May 25, 1965
Memorandum of Conversation between Senior Cuban Communist Carlos Rafael Rodriguez and Czechoslovak Communist Party (CPCz) official Vladimir Koucky, Prague, 25 May 1965
This document was made possible with support from Leon Levy Foundation
Record of a conversation of c. V. Koucky with c. Carlos R. Rodriguez, member of the national leadership of the Unified Party of Socialist Revolution of Cuba.
Carlos Rafael Rodriguez first said he was pleased to be able to talk with comrade Koucky confidentially and to contribute to the elimination of misunderstandings that could possibly arise because the reasons were not explained for Cuba’s positions on issues of the international communist movement, and for speeches and statements of some leading Cuban comrades. At that he emphasized that Fidel Castro was happy to accept an invitation for a UPSR delegation to visit Czechoslovakia, because he as well is very much interested in better and more frequent relations of our two parties. He also keenly agreed with c. Koucky’s remark that due to extensive economic and state cooperation of our two countries, contact between the parties is insufficient.
He further said that the UPSR strives for better contacts with fraternal parties. In August of last year, a Korean [Workers’] party [KWP] delegation was in Cuba and a delegation of the Italian Communist Party [PCI] is there now. In order to improve relations with fraternal parties and to inform the UPSR leadership better, the apparatus of the UPSR national leadership will be augmented by a Secretariat for International Affairs. The head of this international department will be the current Minister of Construction c. Osmany Cienfuegos, who since student years had sympathized with the youth of the Popular Socialist Party [PSP]. Carlos Rafael Rodriguez fully trusts Osmany Cienfuegos and will help him in every way. The need to build this department is felt more and more urgently. Absence of such a work group is the reason why leading comrades are poorly informed about important issues of relations among parties and of international politics. In addition, Carlos Rafael believes that establishment of this department will be the next step to implementation of the principle of collective leadership of the UPSR.
Efforts to apply this Leninist principle to the party life began to develop promisingly by late 1961. The case of Anibal Escalante, who was dismissed from the leadership of the UPSR for sectarian methods [in March 1962], was a serious setback. Fidel Castro has since been very suspicious. He is convinced that the Communists are old friends of his, but he also knows that this friendship is not personal but is based on politics. To wit, the investigation of Anibal Escalante’s activities revealed that the Unified Socialist Party was developing cooperation with Raul Castro and Ernesto Guevara, without Fidel’s knowledge, already in the mountains of Sierra Maestra. This finding greatly strengthened Fidel’s distrust.
Around Fidel Castro, there is a group of capable and honest people who are loyal to him uncritically. They are not communists, but “fidelists”. Fidel takes a purely personal position on many problems. Non-critical closest personnel and Fidel’s popularity sometimes become a negative factor.
Fidel takes sometimes measures, with which, for example, even the organizational secretary of the National UPSR Administration [Emilio] Aragones disagrees, who is otherwise unconditionally loyal to Fidel. He [Fidel] interferes with the competence of personnel who are responsible for assigned sections. It happened very often for example at the Institute for Agricultural Reform [INRA], whose President was until recently Carlos Rafael [Rodriguez]. Differences and disagreements were thus happening between him and Fidel, which some people were taking advantage of. Carlos Rafael Rodriguez therefore offered his resignation to Fidel three times.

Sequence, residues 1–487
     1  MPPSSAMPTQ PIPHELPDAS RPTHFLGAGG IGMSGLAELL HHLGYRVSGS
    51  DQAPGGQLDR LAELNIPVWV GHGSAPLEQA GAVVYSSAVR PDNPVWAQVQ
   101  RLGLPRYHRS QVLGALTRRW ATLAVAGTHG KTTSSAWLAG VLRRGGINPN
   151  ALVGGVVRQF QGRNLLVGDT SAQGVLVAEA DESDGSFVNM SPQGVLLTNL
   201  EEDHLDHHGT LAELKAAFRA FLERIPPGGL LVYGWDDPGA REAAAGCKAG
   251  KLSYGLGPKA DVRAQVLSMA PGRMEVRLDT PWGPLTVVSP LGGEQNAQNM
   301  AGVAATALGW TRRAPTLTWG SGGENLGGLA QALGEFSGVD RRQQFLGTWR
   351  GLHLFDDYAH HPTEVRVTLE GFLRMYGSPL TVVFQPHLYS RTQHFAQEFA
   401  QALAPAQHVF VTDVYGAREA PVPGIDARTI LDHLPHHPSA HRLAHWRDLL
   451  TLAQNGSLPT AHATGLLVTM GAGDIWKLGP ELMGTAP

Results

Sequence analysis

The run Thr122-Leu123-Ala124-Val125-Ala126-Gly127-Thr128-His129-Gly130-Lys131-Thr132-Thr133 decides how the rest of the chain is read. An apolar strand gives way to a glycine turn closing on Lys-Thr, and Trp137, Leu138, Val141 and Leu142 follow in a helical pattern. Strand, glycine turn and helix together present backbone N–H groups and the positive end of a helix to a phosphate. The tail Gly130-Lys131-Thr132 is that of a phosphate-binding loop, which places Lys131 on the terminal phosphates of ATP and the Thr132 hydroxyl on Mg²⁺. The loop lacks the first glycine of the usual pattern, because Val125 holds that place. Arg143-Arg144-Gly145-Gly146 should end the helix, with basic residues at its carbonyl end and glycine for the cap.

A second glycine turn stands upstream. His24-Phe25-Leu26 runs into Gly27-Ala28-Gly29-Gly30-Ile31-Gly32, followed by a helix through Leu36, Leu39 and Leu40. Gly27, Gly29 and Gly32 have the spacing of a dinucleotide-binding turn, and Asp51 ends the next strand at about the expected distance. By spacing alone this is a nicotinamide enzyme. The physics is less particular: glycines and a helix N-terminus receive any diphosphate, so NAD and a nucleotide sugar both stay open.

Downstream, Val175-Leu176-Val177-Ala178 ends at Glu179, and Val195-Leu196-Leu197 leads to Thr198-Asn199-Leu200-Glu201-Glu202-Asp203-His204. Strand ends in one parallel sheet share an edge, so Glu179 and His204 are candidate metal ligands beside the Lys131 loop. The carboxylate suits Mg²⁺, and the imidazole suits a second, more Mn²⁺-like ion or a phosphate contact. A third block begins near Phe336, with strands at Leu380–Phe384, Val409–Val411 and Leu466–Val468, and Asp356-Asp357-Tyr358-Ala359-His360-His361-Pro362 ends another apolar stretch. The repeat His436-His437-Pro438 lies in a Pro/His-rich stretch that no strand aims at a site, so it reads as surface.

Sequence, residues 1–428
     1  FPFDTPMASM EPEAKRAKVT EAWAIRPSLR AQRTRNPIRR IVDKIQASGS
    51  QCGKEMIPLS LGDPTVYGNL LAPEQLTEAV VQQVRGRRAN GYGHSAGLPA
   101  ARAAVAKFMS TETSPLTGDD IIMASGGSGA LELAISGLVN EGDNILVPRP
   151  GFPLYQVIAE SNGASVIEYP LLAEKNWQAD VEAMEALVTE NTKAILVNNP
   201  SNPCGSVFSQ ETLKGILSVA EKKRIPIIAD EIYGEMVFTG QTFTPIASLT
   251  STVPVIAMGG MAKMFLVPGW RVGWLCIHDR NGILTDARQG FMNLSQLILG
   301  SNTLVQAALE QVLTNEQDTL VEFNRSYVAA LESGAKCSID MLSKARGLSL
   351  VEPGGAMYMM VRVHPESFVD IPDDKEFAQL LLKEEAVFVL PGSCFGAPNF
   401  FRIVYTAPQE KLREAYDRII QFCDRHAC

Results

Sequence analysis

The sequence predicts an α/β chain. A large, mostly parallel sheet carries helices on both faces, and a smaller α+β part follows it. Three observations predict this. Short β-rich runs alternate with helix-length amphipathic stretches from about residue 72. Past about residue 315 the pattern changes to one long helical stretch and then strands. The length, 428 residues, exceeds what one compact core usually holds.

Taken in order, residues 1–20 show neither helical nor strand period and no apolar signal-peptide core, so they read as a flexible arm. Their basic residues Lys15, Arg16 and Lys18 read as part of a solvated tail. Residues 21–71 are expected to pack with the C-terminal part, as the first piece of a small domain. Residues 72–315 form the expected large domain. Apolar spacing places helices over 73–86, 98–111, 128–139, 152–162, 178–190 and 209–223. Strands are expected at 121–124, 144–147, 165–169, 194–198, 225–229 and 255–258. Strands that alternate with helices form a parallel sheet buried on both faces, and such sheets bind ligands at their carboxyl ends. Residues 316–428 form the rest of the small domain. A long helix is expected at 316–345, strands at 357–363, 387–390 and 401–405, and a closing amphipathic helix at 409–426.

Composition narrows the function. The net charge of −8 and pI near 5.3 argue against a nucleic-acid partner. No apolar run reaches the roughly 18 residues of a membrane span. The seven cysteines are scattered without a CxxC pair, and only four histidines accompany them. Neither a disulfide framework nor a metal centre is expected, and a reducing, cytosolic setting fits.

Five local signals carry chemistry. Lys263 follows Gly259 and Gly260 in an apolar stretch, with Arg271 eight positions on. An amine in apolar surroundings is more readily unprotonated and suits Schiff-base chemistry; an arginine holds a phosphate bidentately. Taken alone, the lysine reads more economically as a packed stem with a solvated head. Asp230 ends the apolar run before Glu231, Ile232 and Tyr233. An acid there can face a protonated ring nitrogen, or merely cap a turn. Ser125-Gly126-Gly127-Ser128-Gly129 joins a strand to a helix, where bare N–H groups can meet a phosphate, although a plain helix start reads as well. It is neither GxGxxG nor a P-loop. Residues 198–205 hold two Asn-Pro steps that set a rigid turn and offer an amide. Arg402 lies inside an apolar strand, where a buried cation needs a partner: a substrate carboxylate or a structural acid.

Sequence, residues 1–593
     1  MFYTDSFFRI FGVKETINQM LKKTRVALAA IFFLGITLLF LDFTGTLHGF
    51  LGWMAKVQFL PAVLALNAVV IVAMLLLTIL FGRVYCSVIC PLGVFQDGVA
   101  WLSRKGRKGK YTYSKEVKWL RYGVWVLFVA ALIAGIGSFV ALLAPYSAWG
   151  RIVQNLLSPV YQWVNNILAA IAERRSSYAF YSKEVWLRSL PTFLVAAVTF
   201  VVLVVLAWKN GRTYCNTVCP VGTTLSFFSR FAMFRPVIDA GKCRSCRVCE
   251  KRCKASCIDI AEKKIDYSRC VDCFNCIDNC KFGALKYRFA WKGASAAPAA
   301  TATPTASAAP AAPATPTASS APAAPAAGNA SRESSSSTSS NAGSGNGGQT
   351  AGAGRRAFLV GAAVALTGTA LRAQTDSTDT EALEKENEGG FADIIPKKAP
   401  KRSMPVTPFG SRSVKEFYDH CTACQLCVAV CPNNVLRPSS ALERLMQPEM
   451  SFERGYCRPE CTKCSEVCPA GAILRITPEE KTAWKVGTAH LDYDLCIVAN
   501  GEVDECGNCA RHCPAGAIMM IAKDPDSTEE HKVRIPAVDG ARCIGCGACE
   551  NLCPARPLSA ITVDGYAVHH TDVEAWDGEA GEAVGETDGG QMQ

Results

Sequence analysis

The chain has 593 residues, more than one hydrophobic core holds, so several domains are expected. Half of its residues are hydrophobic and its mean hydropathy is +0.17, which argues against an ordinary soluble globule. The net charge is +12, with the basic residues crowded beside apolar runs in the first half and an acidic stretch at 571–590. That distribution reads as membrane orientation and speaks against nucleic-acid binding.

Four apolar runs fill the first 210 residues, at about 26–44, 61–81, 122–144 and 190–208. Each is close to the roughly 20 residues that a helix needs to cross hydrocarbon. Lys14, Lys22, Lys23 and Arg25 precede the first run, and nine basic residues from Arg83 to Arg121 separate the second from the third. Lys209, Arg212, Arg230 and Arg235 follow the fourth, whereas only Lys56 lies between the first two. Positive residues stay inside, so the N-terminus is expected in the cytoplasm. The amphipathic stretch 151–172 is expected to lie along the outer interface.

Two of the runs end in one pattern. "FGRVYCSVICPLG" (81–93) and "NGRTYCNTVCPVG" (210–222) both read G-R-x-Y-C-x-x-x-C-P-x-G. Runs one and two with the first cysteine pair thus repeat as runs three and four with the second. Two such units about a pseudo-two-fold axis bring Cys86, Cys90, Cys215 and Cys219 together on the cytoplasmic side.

Comrade Koucky commented that the report of Rodriguez leaving the Institute for Agricultural Reform was not immediately clear to us. Carlos Rafael Rodriguez explained the untenable situation in the management of this important office, which was created by Fidel’s interventions. He said he believed that Fidel really always wanted to take full control of agriculture. The only obstacle was that he did not want to offend Carlos Rafael. Carlos Rafael combined his last resignation with a suggestion that Fidel himself takes over the management of the Institute for Agricultural Reform, which indeed happened.
To Comrade Koucky’s question whether Anibal Escalante remains now in Cuba, Carlos Rafael Rodriguez said that Anibal Escalante asked for an approval of his return to Cuba. He returned on the occasion of the death of his brother, Cesar Escalante, who was in charge of ideological work within the national leadership of the UPSR. Personally, Carlos Rafael Rodriguez believes that Anibal Escalante should not stay in Cuba. His presence will revive bitterness of many middle party cadres, who were previously members of the Popular Socialist Party, and in connection with criticism of Anibal Escalante were removed along with him. (Carlos Rafael did not mention that Anibal Escalante would be put in a position of responsibility in the State Bank, as it follows from some reports.)
To c. Koucky’s question what he thought about the case of Joaquín Ordoqui, Carlos Rafael replied that this was a complex and not yet fully clarified issue. There is evidence that a number of matters has been leaked to an imperialist agency. Almost all of these cases are from the time of Aníbal’s stay in Mexico. Moreover, it was found that only Ordoqui knew about some of the things that were leaked. Ordoqui denies guilt, but does not react well; responds in an unclear, unconvincing manner. He is 65 years [old] today. He demands vigorously a public discussion about his case. However, such a discussion will be very dangerous. Personally, Carlos Rafael believes that Ordoqui’s guilt will not be proved but neither does he prove his innocence. Carlos Rafael Rodriguez referred to the whole thing as “very ugly matters.” (Note: the wife of J. Ordoqui c. Buchaca, accused along with him, was formerly the wife of Carlos Rafael Rodriguez.)
Carlos Rafael further said that the Ordoqui case was water to the mill of anti-communist elements.